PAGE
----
If you're Mark Zuckerberg, you can delete the facebook pages of fifty activist groups involved in organizing protests against austerity measures in the UK. If you're unfamiliar with the austerity measures and protests, the issue is basically that the current British government is committed to minimizing taxes for corporations and the very wealthy. Then, they notice that they don't have enough money and demand cuts in things like education. For the past few months, there have been peaceful marches and protest throughout England, but particularly in London, which have not always been appropriately handled by the police.
|A "Police Medic" uses his . . . um . . . +2 baton of healing? . . . at a protest of the 2009 G20 summit in London. But seriously, all he is doing is ensuring a continued need for the services that he gets paid to provide . . . with taxpayer money. Hey, you use the tools you have! Image from Flickr is clearly out of context here, but you get the point.|
Since the incident, Facebook has issued a partial explanation, claiming that these accounts were deleted because of a violation of terms of service. Specifically, Facebook's policy is that groups should be represented by "pages," whereas "profiles" are only for individuals.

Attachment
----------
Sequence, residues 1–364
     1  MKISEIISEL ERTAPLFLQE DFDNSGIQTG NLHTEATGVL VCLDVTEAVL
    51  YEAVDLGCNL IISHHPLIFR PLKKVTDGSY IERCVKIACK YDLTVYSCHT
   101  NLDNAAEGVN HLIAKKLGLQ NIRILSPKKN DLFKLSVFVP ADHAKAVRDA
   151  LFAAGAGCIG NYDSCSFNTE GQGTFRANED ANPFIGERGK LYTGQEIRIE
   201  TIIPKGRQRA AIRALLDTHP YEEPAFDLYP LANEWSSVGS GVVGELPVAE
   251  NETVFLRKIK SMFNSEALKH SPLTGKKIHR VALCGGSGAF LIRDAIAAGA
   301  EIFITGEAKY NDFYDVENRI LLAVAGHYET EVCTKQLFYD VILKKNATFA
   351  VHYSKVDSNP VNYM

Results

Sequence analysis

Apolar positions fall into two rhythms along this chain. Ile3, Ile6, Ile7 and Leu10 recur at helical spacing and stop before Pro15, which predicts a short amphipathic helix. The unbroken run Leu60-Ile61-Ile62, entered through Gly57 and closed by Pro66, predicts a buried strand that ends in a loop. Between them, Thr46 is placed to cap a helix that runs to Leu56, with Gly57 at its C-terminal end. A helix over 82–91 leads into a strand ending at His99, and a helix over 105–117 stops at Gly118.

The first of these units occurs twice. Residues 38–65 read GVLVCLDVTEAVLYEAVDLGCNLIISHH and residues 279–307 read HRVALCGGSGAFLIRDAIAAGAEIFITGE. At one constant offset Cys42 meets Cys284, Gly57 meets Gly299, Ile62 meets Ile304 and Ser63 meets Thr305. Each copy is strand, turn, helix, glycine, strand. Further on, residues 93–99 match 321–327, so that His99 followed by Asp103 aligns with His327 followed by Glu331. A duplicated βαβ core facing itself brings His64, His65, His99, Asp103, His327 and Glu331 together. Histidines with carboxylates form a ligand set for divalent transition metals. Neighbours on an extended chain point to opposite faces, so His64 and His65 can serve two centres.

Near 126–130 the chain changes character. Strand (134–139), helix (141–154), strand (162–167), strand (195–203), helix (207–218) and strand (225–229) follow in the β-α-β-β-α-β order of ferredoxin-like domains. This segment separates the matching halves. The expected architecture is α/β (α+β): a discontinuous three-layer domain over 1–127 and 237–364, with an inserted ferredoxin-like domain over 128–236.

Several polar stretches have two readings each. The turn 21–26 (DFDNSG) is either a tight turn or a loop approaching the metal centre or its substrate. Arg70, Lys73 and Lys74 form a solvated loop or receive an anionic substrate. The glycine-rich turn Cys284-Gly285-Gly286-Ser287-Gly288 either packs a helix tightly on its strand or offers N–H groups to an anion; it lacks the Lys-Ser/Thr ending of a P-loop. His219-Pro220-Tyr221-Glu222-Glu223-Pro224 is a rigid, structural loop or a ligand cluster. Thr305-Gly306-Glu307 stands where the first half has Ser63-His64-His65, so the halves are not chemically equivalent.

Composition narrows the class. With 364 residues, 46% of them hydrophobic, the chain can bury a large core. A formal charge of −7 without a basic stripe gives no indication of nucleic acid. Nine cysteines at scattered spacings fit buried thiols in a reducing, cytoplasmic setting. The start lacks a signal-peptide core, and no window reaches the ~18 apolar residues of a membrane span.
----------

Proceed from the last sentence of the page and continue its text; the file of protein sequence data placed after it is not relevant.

Now, it's not hard to find a ton of profiles on Facebook that are also not individuals, but have not been deleted. Does this mean that Facebook was specifically targeting these protest groups?
Probably not really.
My best guess as to what actually happened is that someone in the British government provided a list of profiles violating this policy to Facebook. So, while whoever provided the list was certainly politically motivated, Facebook probably just acted on the information given to it.
So, lesson one here is that if you have a political group that you are organizing on Facebook, make sure to set it up as a "page." You don't want to give your political opponents an easy way to disrupt your network.
Lesson two is that if you are a political group that is likely to piss off government or corporate authorities, you should try not to rely too heavily on centrally controlled tools like Facebook. Facebook can be great for reaching out to large numbers of people, but ideally, you should also maintain connections through networking tools that are more distributed. While I don't think that Facebook acted with a particular political agenda in this case, they certainly are capable of doing so, and you don't want your group to be at the mercy of any corporation.